There’s a clear uptick in distributed energy resources, so where are these markets finding the financing to expand?
The global energy storage industry will expand rapidly in the next few years, as it moves to support solar and other infrastructure that is growing more and more complex.
Utility-scale storage will be a significant part of the energy storage market’s expansion, but, according to a March report by Navigant Research, recent market developments include an uptick in projects in the distributed sector, particularly for solar + storage microgrids and the commercial and industrial segment. Navigant expects global annual deployments of residential energy storage to increase by about 3.7 GW by 2025.
With interest in energy storage growing within the commercial and residential segments, how are markets moving to assist customers as they look for financial options to install these next-generation energy systems?
Storage Costs Declining But Still Higher than PV Costs
Behind-the-meter energy storage prices are declining, but they are not so low that it’s an easy buy for businesses and the general public.
A National Renewable Energy Laboratory (NREL) report released at the end of March found that the cost in 1Q16 for a 5.6-kW PV+storage system with a 3-kW/6-kWh AC-coupled battery was $29,568. The PV modules accounted for about $3,600 of that total and the battery $3,000. The cost for a 5-kW/20-kWh battery on a similarly sized PV system was $10,000 for the battery alone. The report puts total hardware costs in 2016 for a standard 3-kW/6-kWh residential storage system at between $6,530 and $8,560.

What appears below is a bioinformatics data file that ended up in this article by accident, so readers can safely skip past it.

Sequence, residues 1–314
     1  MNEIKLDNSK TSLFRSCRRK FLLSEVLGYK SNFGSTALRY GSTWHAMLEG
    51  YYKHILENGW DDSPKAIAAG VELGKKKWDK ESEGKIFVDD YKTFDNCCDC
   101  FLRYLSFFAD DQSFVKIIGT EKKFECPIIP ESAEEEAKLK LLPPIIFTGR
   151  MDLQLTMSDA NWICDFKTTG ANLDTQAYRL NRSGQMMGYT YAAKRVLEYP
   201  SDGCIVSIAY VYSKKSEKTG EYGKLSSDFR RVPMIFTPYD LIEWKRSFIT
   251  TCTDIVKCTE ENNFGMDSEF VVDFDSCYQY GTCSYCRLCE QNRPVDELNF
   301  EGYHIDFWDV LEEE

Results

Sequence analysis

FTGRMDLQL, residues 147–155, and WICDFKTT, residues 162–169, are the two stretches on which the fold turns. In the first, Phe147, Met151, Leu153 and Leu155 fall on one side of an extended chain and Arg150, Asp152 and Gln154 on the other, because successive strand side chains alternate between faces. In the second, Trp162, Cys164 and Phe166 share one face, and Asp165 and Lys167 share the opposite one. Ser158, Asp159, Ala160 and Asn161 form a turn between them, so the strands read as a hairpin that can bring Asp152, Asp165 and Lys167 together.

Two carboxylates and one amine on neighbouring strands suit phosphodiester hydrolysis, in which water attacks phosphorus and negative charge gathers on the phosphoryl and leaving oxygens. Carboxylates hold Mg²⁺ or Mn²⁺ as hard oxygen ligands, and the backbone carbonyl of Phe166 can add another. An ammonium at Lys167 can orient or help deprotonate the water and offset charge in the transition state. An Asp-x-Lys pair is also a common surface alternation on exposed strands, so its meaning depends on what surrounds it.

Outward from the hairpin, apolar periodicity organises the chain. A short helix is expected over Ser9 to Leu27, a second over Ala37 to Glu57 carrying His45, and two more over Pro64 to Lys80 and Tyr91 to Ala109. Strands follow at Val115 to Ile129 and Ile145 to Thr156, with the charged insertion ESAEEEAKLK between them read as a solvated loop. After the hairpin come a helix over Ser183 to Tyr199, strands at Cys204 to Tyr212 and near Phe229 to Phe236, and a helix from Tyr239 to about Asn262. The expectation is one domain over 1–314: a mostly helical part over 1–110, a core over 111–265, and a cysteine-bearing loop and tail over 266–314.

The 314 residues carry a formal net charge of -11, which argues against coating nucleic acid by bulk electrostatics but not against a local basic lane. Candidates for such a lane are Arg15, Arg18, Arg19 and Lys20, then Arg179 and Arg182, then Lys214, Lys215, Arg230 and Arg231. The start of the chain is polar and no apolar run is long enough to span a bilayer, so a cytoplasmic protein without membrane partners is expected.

In the U.K., home battery provider Moixa was offering a solar+storage package last year for £4,995 (US$6,240). That installed price includes a 2-kWh battery and a 2-kW solar system. Moixa also offers standalone home battery systems of 2 kWh and 3 kWh starting at £2,500.
Incentives for storage in the U.S. are mostly limited. The 30 percent federal solar investment tax credit applies to energy storage, and while a handful of states have incentive programs for non-residential behind-the-meter storage, even fewer have programs for residential storage.